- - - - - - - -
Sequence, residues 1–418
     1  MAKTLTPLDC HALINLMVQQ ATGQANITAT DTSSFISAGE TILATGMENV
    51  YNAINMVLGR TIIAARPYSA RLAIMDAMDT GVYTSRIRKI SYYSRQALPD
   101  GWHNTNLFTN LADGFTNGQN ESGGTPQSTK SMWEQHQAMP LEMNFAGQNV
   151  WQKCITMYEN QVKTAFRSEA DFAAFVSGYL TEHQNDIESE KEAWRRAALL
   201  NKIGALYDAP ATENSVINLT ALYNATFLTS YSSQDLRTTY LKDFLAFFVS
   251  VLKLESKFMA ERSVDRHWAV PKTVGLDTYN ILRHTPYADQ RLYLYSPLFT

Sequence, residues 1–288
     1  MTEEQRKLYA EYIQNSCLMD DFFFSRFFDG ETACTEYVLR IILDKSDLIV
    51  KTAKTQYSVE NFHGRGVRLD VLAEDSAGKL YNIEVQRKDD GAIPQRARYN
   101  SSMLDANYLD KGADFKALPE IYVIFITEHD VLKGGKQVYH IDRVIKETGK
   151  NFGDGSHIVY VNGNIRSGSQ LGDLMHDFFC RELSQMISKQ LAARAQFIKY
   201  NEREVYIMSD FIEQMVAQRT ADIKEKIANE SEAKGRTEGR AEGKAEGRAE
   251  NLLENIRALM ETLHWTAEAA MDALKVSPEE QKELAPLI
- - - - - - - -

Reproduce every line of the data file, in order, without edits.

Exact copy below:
Sequence, residues 1–418
     1  MAKTLTPLDC HALINLMVQQ ATGQANITAT DTSSFISAGE TILATGMENV
    51  YNAINMVLGR TIIAARPYSA RLAIMDAMDT GVYTSRIRKI SYYSRQALPD
   101  GWHNTNLFTN LADGFTNGQN ESGGTPQSTK SMWEQHQAMP LEMNFAGQNV
   151  WQKCITMYEN QVKTAFRSEA DFAAFVSGYL TEHQNDIESE KEAWRRAALL
   201  NKIGALYDAP ATENSVINLT ALYNATFLTS YSSQDLRTTY LKDFLAFFVS
   251  VLKLESKFMA ERSVDRHWAV PKTVGLDTYN ILRHTPYADQ RLYLYSPLFT

Sequence, residues 1–288
     1  MTEEQRKLYA EYIQNSCLMD DFFFSRFFDG ETACTEYVLR IILDKSDLIV
    51  KTAKTQYSVE NFHGRGVRLD VLAEDSAGKL YNIEVQRKDD GAIPQRARYN
   101  SSMLDANYLD KGADFKALPE IYVIFITEHD VLKGGKQVYH IDRVIKETGK
   151  NFGDGSHIVY VNGNIRSGSQ LGDLMHDFFC RELSQMISKQ LAARAQFIKY
   201  NEREVYIMSD FIEQMVAQRT ADIKEKIANE SEAKGRTEGR AEGKAEGRAE
   251  NLLENIRALM ETLHWTAEAA MDALKVSPEE QKELAPLI